I was sitting on the back deck with my laptop the other day, working on an article. My six year old walked over and sat on my lap, so I started scratching her back and typing at the same time. She said, “How do your hands do so many things at once?” Then she started listing the things she has seen my hands do. She said, “They always hold my hand. They color with me. They drive the four-wheeler. They toss ball with us. They hold me in church. They pray with me at night. They fix my hair….” As her list got longer, my eyes got teary. My little girl was observing all of the ways my hands had touched her heart. Nowhere in her list did she mention that my hands did practical things like cleaning the house, or pulling weeds, or mowing the grass. Not the things I had to do. She noticed the things I chose to do. The things that will make a difference many years from now.
As her list kept growing, it got me thinking about how many different hats most of us wear. We all have different networks of colleagues, acquaintances, community, family and friends. It’s really nice when the stars align and the core values of each of those things have common ground. I’m fortunate that the people that I work with are my friends, and the businesses I work for (Community Savings Bank and Money Concepts) are great servants of the community. I know I’m in the right place when I can look around and see solid, humble evidence of where the hands of our bank have been. In the schools, churches, community picnics, parades, ball fields, festivals, marathons, scholarships, and quite literally getting their hands in the dirt at a horse farm they donated to serve our community. I see evidence that they’ve not just been doing the things they have to do, but going above and beyond to do the extra things that they have chosen to do to help others.
At a conference a few weeks ago, Denis Walsh, CEO of Money Concepts, spoke about authentic leadership. He said there are four categorical truths. 1. Every child is deserving of love and respect. 2. We are all children of God, so every grown person still deserves love and respect. 3. Every engagement with another person can be a sacred event if we take time to recognize the divinity and integrity in one another. 4. We are here to add value to others.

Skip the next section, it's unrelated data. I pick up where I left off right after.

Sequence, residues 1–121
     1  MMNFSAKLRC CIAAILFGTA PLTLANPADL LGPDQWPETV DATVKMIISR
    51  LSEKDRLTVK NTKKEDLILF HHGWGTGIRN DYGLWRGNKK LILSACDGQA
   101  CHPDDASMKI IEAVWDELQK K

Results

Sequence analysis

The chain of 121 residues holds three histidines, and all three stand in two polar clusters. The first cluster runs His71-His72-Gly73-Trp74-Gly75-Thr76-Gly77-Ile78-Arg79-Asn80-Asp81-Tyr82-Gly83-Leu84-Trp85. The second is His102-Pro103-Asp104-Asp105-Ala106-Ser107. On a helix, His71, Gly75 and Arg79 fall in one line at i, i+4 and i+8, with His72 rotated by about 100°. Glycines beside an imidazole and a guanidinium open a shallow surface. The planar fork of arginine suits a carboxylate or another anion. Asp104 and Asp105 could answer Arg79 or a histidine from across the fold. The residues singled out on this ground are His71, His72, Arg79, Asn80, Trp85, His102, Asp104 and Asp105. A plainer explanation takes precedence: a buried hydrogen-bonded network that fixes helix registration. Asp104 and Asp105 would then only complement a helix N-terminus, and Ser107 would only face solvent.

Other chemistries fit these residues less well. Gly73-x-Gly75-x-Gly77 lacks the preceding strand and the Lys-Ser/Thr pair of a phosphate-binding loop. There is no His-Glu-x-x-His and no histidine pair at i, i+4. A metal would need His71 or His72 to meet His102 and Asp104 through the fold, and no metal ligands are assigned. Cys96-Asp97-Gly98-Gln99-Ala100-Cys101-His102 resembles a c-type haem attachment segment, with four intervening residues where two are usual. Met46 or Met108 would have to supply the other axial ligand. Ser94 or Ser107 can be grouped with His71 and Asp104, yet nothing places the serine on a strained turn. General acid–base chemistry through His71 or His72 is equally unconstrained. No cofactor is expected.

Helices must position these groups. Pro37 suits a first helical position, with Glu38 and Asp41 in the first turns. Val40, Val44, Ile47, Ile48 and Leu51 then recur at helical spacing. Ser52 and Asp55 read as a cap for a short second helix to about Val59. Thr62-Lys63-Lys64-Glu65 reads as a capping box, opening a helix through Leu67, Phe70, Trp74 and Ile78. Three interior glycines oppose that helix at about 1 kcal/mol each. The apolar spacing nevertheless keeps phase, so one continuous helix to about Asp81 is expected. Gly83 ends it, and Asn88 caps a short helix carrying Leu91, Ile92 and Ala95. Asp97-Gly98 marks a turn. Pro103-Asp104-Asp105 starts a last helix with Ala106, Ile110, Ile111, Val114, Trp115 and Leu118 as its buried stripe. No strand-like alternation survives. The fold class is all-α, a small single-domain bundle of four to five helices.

He went on to say that we should be kind to ourselves, impeccable with our words, careful not to judge, and to be authentic as we love and serve other people. He was speaking of both business and of life. Money Concepts is one of America’s fastest growing private companies for a reason. Whether in business or outreach, they put others first. Their reps support charitable events across the country and the globe, not for recognition, but because it’s the right thing to do. There is evidence of their hands serving countless people. I am thankful for both of my workplaces for setting a great example for others to follow. Although they are in the business of finance, they know that a person’s self-worth is not based on their net-worth. Some things are just worth believing in.
The day that my daughter sat in my lap naming all of the good things my hands have done for her, I went to bed wondering if my networks of colleagues, acquaintances, community, family and friends could say I’ve done the same for them? Have I reached out to help before anyone had to ask? Used my hands to comfort, teach, praise, and labor? Have I used the gifts I have been given to serve others? Have I recognized the integrity in those I speak with? Is there evidence that my hands have chosen to go above and beyond? Have yours?
This week I challenge you to think about what you do now, or what you could do better to serve other people. What kind of list could others make of your hands reaching out? Not just the practical things. The things that will make a difference many years from now. The things that touch someone’s heart.
Have a blessed week, friends!